A notorious New Zealand biker gang turned up to guard Muslims during Friday prayer at a mosque in New Zealand in the wake of the country's terror attack.
Bikers also performed a haka outside the mosque in tribute to the Christchurch terror attack victims.
Members of the Mongrel Mob, who pledged to protect their “Muslim brothers and sisters” after the mass shooting, performed the moving haka outside the Jamia Masjid mosque in Hamilton on Friday.
The tribute was watched by members of the Muslim community on the North Island, who clapped and cheered the Mongrel Mob’s haka before heading inside for prayer as the gang stood guard outside.
One Mongrel Mob member was pictured touching noses with Waikato Muslim Association president Dr Asad Mohsi to show support as part of a traditional “Hongi” greeting.
On Wednesday, Mongrel Mob Waikato president Sonny Fatu told Stuff that the gang “will support and assist our Muslim brothers and sisters for however long they need us”.
He added: “We were contacted by a representative who tagged me in and said some of our Muslim brothers and sisters have fears for Friday during their prayer.
"The question was posed whether we could be a part of the safety net for them to allow them to pray in peace without fear.
“Of course we would do that, there is no question about that and we will be dressed appropriately.”
They performed in their trademark black leather waistcoats with British Bulldog logos emblazoned on them.
Haka expert Te Kahuata Maxwell said the performances over the past week were a response to the trauma the community felt after the mass shooting.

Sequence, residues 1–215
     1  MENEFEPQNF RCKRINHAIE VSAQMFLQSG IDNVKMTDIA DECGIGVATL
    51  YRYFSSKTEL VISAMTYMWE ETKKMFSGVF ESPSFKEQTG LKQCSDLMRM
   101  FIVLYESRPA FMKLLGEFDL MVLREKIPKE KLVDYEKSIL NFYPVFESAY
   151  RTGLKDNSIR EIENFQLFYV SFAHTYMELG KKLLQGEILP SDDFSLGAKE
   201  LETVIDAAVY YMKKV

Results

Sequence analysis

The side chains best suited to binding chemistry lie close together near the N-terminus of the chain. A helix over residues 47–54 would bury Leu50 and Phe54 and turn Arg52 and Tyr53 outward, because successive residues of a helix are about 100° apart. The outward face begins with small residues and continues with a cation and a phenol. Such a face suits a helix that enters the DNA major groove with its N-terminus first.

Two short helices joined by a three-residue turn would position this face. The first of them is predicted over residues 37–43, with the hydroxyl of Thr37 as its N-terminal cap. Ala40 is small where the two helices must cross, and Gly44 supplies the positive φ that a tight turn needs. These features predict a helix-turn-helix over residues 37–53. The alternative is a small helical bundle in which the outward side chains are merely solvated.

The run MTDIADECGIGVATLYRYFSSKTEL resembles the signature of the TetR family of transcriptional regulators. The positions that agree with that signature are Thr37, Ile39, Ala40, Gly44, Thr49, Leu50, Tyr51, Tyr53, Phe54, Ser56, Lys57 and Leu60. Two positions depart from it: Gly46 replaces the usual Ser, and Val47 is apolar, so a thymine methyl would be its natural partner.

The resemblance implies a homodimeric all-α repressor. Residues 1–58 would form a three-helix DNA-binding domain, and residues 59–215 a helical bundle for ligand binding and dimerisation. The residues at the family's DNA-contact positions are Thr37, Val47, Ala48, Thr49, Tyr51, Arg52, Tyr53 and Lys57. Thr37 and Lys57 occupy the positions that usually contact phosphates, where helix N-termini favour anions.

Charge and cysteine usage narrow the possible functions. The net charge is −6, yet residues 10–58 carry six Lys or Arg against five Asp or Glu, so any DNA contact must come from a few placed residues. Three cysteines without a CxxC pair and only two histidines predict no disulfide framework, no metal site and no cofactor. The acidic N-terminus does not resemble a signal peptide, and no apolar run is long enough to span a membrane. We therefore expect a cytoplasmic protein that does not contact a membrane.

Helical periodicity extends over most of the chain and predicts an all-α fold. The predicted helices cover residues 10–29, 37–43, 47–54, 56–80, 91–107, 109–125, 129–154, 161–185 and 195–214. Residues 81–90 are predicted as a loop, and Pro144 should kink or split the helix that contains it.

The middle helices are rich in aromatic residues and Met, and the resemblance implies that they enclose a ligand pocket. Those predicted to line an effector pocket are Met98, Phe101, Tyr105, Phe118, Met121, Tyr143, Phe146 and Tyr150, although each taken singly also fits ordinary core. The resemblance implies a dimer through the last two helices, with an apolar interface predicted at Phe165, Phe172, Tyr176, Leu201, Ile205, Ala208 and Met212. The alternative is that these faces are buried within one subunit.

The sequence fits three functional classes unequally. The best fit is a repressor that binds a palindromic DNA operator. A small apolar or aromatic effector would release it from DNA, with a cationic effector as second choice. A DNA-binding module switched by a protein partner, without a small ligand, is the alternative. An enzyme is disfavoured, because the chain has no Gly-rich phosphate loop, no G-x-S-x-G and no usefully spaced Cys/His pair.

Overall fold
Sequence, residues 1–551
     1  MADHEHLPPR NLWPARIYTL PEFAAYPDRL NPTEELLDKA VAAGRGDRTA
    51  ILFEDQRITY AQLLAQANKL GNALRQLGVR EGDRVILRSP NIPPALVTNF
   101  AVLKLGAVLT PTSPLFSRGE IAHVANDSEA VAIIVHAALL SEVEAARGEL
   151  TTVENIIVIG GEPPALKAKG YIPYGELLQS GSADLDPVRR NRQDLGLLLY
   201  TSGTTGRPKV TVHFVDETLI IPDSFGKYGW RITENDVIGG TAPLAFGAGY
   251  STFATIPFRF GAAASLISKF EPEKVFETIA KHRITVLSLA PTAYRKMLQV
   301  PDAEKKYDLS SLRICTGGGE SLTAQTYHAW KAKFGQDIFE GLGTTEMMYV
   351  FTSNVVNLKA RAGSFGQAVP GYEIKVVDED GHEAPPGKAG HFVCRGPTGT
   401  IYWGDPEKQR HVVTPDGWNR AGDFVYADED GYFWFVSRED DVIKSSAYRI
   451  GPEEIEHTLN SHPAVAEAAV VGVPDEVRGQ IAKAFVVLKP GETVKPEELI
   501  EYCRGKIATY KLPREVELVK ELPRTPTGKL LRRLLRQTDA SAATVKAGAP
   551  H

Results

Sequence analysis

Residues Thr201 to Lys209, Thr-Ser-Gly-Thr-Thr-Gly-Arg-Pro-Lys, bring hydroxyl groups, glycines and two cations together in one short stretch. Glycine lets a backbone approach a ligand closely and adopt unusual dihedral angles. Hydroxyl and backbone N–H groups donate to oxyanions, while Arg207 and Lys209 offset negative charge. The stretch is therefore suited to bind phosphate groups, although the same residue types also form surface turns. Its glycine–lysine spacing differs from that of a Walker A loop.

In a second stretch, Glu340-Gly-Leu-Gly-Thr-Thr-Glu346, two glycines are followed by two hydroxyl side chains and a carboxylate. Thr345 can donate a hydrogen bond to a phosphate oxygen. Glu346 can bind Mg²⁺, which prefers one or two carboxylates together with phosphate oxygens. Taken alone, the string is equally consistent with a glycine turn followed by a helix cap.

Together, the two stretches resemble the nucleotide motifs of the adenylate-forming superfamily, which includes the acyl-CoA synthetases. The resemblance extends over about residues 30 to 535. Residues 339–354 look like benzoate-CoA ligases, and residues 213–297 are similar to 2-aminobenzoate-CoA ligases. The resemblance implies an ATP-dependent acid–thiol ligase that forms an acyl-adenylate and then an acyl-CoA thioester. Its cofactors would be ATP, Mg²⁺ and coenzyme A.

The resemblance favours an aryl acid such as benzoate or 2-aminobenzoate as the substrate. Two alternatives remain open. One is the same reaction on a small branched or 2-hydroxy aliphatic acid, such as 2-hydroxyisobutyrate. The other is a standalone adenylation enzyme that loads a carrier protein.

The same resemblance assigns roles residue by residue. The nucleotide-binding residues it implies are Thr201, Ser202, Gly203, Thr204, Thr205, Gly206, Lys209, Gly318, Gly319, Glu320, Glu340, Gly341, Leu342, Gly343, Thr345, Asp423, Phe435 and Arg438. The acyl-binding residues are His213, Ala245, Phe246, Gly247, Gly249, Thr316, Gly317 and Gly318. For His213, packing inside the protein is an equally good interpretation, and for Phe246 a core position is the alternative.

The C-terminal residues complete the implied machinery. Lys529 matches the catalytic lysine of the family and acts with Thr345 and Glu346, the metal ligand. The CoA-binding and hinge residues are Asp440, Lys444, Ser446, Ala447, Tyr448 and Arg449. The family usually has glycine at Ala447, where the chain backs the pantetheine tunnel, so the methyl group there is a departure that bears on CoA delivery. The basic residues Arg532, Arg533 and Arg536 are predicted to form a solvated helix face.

"It's the Maori way of dealing with death, it's the Maori way of expressing grief, it's the Maori way of expressing love,” Mr Maxwell, associate professor at the University of Waikato, said.
People across New Zealand observed the Muslim call to prayer on Friday as the nation reflected on the mass shooting one week ago, which claimed the lives of 50 people.
Prime Minister Jacinda Ardern and thousands of others congregated in Hagley Park opposite the Al Noor mosque in Christchurch to observe the call to prayer at 1.30pm local time.
"New Zealand mourns with you. We are one," Ms Ardern said.
Thousands more were listening in on the radio or watching on television as the event was broadcast live. The prayer was followed by two minutes of silence.
Officials laid out a large area of light brown carpeting where hundreds of Muslim men sat in socks or bare feet for the prayer.
The Al Noor mosque's imam, Gamal Fouda, thanked New Zealanders for their support.
"This terrorist sought to tear our nation apart with an evil ideology... But, instead, we have shown that New Zealand is unbreakable," the imam said.
"We are broken-hearted but we are not broken. We are alive. We are together. We are determined to not let anyone divide us," he added, as the crowd erupted with applause.
Later in the day, a mass funeral was held to bury 26 of the victims at a cemetery where more than a dozen already have been laid to rest.